Is NASDAQ OMX Group, Inc. (NASDAQ:NDAQ) a good investment right now? Investors who are in the know are turning less bullish. The number of bullish hedge fund bets stayed the same which is a slightly negative development in our experience
If you’d ask most stock holders, hedge funds are perceived as slow, outdated financial vehicles of years past. While there are over 8000 funds in operation at the moment, we hone in on the top tier of this club, close to 450 funds. It is widely believed that this group oversees most of the smart money’s total asset base, and by tracking their highest performing stock picks, we have come up with a number of investment strategies that have historically outpaced the S&P 500 index. Our small-cap hedge fund strategy outstripped the S&P 500 index by 18 percentage points a year for a decade in our back tests, and since we’ve started sharing our picks with our subscribers at the end of August 2012, we have beaten the S&P 500 index by 23.3 percentage points in 8 months (see the details here).
Equally as important, bullish insider trading sentiment is another way to break down the stock market universe. Obviously, there are a number of incentives for an insider to sell shares of his or her company, but only one, very simple reason why they would behave bullishly. Many academic studies have demonstrated the useful potential of this method if shareholders understand what to do (learn more here).
With all of this in mind, let’s take a gander at the key action regarding NASDAQ OMX Group, Inc. (NASDAQ:NDAQ).
How are hedge funds trading NASDAQ OMX Group, Inc. (NASDAQ:NDAQ)?
At the end of the first quarter, a total of 21 of the hedge funds we track were long in this stock, a change of 0% from the previous quarter. With the smart money’s capital changing hands, there exists a select group of notable hedge fund managers who were boosting their stakes substantially.
When looking at the hedgies we track, Lakewood Capital Management, managed by Anthony Bozza, holds the largest position in NASDAQ OMX Group, Inc. (NASDAQ:NDAQ). Lakewood Capital Management has a $47.1 million position in the stock, comprising 3.1% of its 13F portfolio. Sitting at the No. 2 spot is Citadel Investment Group, managed by Ken Griffin, which held a $41 million position; the fund has 0.1% of its 13F portfolio invested in the stock. Remaining hedgies with similar optimism include Daniel Lewis’s Orange Capital, Israel Englander’s Millennium Management and James H. Litinsky’s JHL Capital Group.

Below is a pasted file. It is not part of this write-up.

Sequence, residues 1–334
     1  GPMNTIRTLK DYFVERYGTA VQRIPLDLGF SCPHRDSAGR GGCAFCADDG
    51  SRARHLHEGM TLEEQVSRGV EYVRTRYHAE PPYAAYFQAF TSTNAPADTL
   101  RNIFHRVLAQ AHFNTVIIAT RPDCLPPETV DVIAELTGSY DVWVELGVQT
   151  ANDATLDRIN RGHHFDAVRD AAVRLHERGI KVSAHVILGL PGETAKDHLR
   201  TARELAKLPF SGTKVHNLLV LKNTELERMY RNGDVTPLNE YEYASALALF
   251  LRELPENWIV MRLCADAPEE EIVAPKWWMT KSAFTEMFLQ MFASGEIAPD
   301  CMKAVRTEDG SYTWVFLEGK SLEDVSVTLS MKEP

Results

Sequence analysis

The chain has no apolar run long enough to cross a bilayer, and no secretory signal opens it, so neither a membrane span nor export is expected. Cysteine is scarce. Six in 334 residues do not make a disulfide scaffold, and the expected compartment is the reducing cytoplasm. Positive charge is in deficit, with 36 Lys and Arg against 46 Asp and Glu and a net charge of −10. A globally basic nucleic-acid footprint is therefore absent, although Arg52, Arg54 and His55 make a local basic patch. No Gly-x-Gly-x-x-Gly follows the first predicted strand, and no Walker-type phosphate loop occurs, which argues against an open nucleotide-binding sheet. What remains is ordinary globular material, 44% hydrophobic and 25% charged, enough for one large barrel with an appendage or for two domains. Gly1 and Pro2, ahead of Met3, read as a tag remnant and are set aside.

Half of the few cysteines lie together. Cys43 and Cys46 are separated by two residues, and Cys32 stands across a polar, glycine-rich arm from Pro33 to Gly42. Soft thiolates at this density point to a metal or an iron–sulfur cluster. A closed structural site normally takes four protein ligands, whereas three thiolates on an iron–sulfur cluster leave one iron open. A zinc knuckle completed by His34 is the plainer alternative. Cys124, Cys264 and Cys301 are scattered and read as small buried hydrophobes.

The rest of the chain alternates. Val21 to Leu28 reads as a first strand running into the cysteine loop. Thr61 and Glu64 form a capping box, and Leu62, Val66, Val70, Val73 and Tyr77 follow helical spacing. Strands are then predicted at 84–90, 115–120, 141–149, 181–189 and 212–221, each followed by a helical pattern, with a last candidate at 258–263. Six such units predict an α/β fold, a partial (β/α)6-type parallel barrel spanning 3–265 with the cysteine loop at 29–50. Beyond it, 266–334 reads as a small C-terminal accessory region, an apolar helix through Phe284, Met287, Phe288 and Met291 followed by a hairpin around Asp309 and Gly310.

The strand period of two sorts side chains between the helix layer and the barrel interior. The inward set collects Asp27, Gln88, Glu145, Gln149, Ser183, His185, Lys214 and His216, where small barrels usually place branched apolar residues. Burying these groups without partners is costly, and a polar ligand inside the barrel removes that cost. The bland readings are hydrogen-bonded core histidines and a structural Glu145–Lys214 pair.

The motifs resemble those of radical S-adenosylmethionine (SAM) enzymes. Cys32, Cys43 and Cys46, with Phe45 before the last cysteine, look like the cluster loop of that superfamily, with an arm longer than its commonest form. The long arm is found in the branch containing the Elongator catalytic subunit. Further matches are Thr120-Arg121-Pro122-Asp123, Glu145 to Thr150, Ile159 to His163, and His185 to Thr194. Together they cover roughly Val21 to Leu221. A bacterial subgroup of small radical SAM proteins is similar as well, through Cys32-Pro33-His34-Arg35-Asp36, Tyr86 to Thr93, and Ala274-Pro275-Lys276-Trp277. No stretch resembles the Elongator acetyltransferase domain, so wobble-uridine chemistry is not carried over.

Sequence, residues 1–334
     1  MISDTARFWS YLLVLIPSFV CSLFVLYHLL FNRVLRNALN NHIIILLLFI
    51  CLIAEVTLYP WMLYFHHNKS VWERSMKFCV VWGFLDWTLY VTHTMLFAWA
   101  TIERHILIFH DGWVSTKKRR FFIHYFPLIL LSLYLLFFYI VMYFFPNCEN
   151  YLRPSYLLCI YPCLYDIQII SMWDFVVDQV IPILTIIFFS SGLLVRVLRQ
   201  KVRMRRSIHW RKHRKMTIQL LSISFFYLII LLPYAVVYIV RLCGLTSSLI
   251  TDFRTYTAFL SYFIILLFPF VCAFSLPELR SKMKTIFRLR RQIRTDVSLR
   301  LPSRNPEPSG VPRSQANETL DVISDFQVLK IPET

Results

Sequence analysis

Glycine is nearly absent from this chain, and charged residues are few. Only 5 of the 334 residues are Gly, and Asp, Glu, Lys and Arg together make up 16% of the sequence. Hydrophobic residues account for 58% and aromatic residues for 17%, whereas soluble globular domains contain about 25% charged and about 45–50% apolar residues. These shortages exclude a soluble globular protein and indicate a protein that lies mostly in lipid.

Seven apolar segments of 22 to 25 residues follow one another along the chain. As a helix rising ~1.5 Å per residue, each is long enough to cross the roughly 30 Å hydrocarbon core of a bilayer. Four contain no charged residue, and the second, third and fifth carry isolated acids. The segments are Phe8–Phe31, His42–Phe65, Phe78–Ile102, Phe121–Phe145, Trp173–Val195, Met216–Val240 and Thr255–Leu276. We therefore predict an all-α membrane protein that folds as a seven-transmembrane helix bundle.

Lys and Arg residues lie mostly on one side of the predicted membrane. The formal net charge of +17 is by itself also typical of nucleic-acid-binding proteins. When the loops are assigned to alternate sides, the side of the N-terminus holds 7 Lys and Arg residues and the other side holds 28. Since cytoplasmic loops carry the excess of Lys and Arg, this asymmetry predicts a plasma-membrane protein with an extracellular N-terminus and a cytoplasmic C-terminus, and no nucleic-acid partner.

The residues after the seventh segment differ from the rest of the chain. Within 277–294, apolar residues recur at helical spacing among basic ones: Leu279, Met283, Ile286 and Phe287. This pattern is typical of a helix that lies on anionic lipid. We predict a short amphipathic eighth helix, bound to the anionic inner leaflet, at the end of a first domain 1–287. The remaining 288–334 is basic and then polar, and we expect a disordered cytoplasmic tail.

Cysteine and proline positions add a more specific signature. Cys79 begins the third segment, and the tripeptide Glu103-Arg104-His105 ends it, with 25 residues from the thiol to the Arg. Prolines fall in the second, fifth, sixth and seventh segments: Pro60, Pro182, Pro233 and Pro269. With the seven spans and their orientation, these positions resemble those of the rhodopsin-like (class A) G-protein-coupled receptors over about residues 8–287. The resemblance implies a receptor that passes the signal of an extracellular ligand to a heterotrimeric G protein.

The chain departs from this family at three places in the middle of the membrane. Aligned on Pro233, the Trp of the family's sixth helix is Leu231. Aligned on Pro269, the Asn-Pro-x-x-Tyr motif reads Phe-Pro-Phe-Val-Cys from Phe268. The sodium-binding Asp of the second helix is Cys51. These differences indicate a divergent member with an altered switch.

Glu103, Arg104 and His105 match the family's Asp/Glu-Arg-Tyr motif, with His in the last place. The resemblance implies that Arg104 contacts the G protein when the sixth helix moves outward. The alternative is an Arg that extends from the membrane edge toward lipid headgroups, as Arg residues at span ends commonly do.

Because NASDAQ OMX Group, Inc. (NASDAQ:NDAQ) has witnessed falling interest from the smart money, it’s safe to say that there were a few hedgies that decided to sell off their entire stakes heading into Q2. It’s worth mentioning that Neil Chriss’ Hutchin Hill Capital cut the largest position of the “upper crust” of funds we monitor, totaling an estimated $5.1 million in stock.. Anil Stevens and Glenn Shapiro’s fund, Parameter Capital Management, also dropped its call options., about $2.5 million worth. These transactions are interesting, as total hedge fund interest stayed the same (this is a bearish signal in our experience).
How have insiders been trading NASDAQ OMX Group, Inc. (NASDAQ:NDAQ)?
Insider purchases made by high-level executives is most useful when the company in question has experienced transactions within the past 180 days. Over the latest 180-day time frame, NASDAQ OMX Group, Inc. (NASDAQ:NDAQ) has experienced zero unique insiders buying, and 6 insider sales (see the details of insider trades here).
Let’s go over hedge fund and insider activity in other stocks similar to NASDAQ OMX Group, Inc. (NASDAQ:NDAQ). These stocks are IntercontinentalExchange Inc (NYSE:ICE), Apollo Global Management LLC (NYSE:APO), NYSE Euronext (NYSE:NYX), CBOE Holdings, Inc (NASDAQ:CBOE), and Ares Capital Corporation (NASDAQ:ARCC). All of these stocks are in the diversified investments industry and their market caps are similar to NDAQ’s market cap.